The latest information on the world economy
Sign up for myFT Daily Digest to get the world economic news first.
It’s been 50 years since President Richard Nixon announced to the world that Washington would no longer exchange US dollars for gold. Fixed at $ 35 per ounce, gold pegs were central to the design of the post-war Bretton Woods system at fixed exchange rates. The “Nixon shock” removed that pillar, and the system was soon completely unleashed, entering a period of volatile exchange rates and high inflation chaos.
No one should cry because of the gold standard. Keynes’ famous dubbed “barbaric relic” has been postponed due to retirement. Bretton Woods worked as long as it worked, not because of the arbitrary price of metal, but because of the collective commitment to stability. Also, the Nixon shock was not unprecedented. The $ 35 peg itself was founded after Franklin Roosevelt broke the previous gold peg and devalued the dollar. Nostalgia for gold is misguided and misguided.
But that does not apply to the broader aspirations of the Bretton Woods structure. Global monetary and monetary policy since 1971 has been a quest to restore the lost stability that the system provided. It took a quarter of a century for the central bank to determine and master inflation targeting as a policy strategy to ensure stable domestic prices. Even its ultimate success did not guarantee broader financial stability, as the asset bubble and financial crisis since the 1980s have shown.
International stability is becoming more elusive. Economists and policy makers have gained a better understanding of floating exchange rates as the “non-system” has progressed since 1971, but few are completely satisfied with them. They do not achieve the financial independence they once promised, nor do they isolate the real economy from financial shocks. They sometimes amplify them. Today’s very large cross-border capital flows make it even more true.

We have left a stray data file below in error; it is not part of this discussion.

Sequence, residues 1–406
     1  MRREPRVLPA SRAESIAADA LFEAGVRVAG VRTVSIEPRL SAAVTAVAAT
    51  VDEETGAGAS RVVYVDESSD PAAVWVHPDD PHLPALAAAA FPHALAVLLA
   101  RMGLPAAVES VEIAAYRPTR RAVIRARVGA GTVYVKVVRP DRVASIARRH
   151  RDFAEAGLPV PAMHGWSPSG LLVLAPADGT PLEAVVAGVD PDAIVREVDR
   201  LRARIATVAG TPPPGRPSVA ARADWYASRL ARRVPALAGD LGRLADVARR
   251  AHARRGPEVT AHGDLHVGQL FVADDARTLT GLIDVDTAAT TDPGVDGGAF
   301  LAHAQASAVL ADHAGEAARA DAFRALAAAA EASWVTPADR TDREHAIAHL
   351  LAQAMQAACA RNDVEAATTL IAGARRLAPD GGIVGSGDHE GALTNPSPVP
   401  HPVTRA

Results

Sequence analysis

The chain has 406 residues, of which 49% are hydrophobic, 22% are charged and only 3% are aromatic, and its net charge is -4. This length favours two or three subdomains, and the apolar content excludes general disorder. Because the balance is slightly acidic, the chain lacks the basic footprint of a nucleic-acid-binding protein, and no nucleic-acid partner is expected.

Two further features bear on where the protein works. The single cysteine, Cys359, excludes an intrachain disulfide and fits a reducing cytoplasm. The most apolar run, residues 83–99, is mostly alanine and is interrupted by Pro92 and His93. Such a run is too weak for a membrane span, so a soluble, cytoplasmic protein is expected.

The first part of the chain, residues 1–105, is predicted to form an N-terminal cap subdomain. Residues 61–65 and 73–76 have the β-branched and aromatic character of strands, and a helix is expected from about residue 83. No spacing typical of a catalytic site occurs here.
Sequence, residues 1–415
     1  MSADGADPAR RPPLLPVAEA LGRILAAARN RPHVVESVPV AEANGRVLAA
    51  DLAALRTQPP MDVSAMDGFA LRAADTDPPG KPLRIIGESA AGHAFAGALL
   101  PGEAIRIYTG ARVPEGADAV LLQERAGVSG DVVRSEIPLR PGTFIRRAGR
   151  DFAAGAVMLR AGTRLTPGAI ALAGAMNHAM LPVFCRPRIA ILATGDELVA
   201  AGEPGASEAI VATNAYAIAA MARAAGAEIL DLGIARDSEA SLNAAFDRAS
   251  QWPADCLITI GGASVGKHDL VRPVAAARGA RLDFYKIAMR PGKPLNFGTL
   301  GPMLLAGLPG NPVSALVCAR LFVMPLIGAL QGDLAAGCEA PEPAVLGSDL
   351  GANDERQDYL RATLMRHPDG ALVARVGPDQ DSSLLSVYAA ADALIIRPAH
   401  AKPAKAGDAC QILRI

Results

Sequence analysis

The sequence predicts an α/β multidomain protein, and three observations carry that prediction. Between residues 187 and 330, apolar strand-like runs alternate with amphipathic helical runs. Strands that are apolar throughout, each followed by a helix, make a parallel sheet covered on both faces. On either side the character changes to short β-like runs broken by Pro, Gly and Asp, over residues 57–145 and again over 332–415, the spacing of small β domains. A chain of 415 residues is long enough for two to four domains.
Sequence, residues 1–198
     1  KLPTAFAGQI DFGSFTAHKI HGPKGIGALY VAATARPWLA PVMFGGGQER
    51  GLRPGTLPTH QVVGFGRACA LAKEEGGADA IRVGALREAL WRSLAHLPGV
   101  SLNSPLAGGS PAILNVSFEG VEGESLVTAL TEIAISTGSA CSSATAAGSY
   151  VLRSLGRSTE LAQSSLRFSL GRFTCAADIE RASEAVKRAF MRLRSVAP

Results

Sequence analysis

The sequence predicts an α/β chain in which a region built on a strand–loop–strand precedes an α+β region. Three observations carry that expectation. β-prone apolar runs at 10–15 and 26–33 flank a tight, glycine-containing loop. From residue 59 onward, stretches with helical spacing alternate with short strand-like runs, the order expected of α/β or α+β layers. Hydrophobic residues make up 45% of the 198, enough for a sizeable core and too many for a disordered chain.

The government has pursued various strategies to curb exchange rate fluctuations. The biggest leap was made in the EU’s single currency zone. Currency unification is impractical for other economies, and formal pegging systems for separate currencies have proven to be repeatedly infeasible.
But even the largest economies need to continue to curb currency fluctuations, from the 1985 Plaza Accord to curb the dollar’s rise to Washington’s long-standing concerns about currency manipulation by others and Beijing’s yuan control. I think there is.
We may be accused of living a less stable life than we would like. Bretton Woods relied on tight control over cross-border capital flows, which is irreversible. But the half-century quest for a Bretton Woods alternative for our time can go a step further.
Closer coordination of macroeconomic policy It helps mitigate the instability caused by foreign exchange markets that anticipate price inconsistencies and deficit dynamics between countries. And the most relevant Bretton Woods feature today is the least memorable feature. Domestic credit regulation It helped isolate regional economic growth from cross-border financial pressure. Policy makers are rediscovering this in the form of “macroprudential regulation.”
Fifty years later, gold remains attractive, and now there is a false promise that crypto assets can be more stable than central bank funds. The true lesson of the end of Bretton Woods is the opposite. Gold and its equivalent digital are no match for wise regulation and trust between countries.
A 50-year quest for monetary stability Source link A 50-year quest for monetary stability